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Gabfest Radio

Gabfest Radio: The Queen of Versailles Edition

Saturday, September 29, 2012

On this week’s episode of Gabfest Radio, Political Gabfest panelists discuss Mitt Romney’s challenges in heading into the presidential debates and Culture Gabfest panelists talk about the documentary Queen of Versailles.

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The Leonard Lopate Show

The Borowitz Report

Friday, September 28, 2012

Andy Borowitz, author of the Borowitz Report on The New Yorker.com, talks about the presidential election so far.

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The Brian Lehrer Show

30 Issues: Borrowing for Infrastructure

Thursday, September 27, 2012

30 Issues in 30 Days is our election year series on the important issues facing the country this election year. Today: The necessity of borrowing to initiate and maintain essential infrastructure projects. Visit the 30 Issue home page for all the conversations.

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The Brian Lehrer Show

Moderating a Presidential Debate

Thursday, September 27, 2012

Carole Simpson, former ABC news anchor for World News Tonight, former presidential debate moderator, and author of NewsLady, talks about becoming the first woman and minority moderator of a presidential debate when she questioned George H.W. Bush, Bill Clinton, and Ross Perot in 1992.

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Transportation Nation

This Election Season, Americans Pony Up for Public Transpo

Wednesday, September 26, 2012

Operators of Los Angles' new Expo light rail line enjoy the new gig, April 2012. (Photo courtesy of LA Metro Transportation Library and Archive)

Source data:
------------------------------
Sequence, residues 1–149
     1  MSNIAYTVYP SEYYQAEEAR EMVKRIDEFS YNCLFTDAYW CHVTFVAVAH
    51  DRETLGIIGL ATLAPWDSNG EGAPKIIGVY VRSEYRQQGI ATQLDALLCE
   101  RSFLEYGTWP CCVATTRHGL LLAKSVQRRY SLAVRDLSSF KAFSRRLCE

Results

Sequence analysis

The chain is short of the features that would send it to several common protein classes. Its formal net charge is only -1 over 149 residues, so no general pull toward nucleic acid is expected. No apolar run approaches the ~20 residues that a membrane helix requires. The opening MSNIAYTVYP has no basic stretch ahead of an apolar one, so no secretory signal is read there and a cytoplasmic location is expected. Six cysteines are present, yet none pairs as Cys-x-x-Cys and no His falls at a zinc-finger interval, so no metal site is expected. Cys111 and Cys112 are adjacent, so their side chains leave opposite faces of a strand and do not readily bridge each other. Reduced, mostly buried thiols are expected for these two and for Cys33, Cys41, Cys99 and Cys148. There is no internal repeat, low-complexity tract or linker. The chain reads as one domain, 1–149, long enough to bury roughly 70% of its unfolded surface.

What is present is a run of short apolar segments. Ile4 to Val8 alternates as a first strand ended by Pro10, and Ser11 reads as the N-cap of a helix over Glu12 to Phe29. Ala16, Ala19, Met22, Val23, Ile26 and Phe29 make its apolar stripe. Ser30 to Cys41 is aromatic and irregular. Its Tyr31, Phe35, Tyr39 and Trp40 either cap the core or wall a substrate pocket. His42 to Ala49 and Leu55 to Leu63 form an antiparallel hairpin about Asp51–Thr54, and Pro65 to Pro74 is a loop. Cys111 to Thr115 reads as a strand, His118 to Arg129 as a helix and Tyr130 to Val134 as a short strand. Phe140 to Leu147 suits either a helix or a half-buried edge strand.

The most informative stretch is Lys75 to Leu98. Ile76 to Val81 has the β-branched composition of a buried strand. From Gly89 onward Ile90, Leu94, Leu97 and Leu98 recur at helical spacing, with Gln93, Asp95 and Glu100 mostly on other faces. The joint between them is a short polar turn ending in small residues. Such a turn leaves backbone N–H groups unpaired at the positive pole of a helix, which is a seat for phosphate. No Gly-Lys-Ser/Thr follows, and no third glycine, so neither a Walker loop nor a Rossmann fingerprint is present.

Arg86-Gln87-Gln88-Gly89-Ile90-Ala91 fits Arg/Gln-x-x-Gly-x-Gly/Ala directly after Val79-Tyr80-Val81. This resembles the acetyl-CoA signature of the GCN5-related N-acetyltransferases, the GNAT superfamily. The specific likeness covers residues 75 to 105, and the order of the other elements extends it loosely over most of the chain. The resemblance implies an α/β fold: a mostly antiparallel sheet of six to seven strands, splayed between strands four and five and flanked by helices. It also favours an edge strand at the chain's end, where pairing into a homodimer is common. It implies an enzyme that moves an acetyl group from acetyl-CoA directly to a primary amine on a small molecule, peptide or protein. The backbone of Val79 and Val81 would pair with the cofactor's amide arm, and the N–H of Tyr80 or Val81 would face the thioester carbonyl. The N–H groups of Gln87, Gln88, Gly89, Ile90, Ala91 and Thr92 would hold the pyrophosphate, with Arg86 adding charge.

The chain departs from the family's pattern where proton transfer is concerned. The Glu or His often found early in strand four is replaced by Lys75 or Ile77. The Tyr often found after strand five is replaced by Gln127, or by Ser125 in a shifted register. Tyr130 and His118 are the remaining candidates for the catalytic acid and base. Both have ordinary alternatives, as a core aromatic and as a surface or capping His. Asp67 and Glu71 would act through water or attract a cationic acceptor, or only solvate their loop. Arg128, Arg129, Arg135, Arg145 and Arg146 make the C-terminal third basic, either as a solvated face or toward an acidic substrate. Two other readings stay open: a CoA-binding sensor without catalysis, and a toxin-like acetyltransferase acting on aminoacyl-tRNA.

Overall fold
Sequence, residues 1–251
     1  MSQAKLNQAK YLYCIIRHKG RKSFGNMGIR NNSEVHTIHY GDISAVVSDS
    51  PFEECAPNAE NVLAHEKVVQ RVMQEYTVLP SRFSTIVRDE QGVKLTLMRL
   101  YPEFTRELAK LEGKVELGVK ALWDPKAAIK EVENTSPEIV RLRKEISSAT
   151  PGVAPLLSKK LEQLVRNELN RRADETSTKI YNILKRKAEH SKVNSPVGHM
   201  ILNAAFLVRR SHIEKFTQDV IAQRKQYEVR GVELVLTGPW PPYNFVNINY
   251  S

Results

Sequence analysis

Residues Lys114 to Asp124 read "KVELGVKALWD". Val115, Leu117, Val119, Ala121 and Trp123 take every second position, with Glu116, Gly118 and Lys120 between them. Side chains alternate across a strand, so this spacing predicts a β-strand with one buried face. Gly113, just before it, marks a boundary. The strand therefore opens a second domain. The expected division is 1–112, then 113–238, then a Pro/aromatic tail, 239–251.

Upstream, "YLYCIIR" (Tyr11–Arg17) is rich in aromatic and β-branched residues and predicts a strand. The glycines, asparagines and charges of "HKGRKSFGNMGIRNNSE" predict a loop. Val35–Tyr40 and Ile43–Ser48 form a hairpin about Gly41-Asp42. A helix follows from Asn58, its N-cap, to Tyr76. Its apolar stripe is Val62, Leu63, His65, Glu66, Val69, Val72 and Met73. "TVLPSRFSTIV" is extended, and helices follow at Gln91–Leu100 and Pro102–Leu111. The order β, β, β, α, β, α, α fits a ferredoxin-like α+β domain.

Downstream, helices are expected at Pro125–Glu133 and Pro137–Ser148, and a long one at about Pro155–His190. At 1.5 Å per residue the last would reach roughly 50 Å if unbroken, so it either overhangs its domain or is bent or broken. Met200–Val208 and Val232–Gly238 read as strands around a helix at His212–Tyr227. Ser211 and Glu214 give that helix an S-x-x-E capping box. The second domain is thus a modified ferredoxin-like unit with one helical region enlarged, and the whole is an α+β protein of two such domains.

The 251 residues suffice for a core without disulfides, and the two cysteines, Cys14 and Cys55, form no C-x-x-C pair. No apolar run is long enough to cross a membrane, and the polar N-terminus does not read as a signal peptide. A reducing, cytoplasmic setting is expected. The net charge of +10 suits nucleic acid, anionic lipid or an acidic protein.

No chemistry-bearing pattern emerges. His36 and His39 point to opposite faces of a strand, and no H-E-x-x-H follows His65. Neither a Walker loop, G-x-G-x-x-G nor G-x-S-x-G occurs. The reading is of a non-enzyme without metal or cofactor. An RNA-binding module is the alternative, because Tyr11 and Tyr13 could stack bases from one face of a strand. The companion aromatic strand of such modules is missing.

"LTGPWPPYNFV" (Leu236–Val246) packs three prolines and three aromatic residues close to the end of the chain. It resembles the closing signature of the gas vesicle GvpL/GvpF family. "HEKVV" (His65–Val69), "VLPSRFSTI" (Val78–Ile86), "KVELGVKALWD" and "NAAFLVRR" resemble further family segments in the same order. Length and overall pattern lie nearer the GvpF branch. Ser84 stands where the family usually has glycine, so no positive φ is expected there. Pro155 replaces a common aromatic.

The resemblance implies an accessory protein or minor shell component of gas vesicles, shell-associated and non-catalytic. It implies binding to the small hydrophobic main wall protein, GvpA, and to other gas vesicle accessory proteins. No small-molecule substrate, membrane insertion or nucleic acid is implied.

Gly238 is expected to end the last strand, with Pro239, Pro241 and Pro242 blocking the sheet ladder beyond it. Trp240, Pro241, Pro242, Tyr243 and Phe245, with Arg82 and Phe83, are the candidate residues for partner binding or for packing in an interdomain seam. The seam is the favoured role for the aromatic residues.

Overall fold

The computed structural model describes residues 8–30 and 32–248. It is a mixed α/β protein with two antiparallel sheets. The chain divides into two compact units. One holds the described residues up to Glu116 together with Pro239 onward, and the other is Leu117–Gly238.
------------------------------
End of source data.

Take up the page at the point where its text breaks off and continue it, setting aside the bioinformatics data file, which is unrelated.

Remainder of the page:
(This article by Greg Hanscom originally appeared in Grist.org)

Infrastructure issues may have turned partisan these past four years while bridges crumble, waiting for repair, but transit-advocates have hope: This election may bring in big bucks for buses and subways, direct from voters.

More than a dozen transit-related initiatives will appear on local ballots in November, including a mammoth funding plan in Los Angeles. Elsewhere, a measure in Orange County, N.C., would add a half cent to the sales tax to fund transit. A third measure, in Memphis, Tenn., would increase the cost of a gallon of gas by a penny, raising an estimated $3 to $6 million each year for the Memphis Area Transit Authority.

The big kahuna of proposals is in Los Angeles, where four years ago voters approved Measure R, a sales tax increase that is expected to raise $40 billion over 30 years for transit, highway, and bus projects. Measure J, which will appear on the ballot this year, would extend the transportation tax another 30 years.

The city's transit system is still wanting for cash. Even as Mayor Antonio Villaraigosa has vocally championed new light rail lines and bike lanes, L.A. County’s Metro has slashed bus service to some of the city’s most down-and-out neighborhoods.

Atlanta faced a similar crossroads, and a similar vote in July that would have raised $8 billion for rail and other transportation projects. It went down in flames.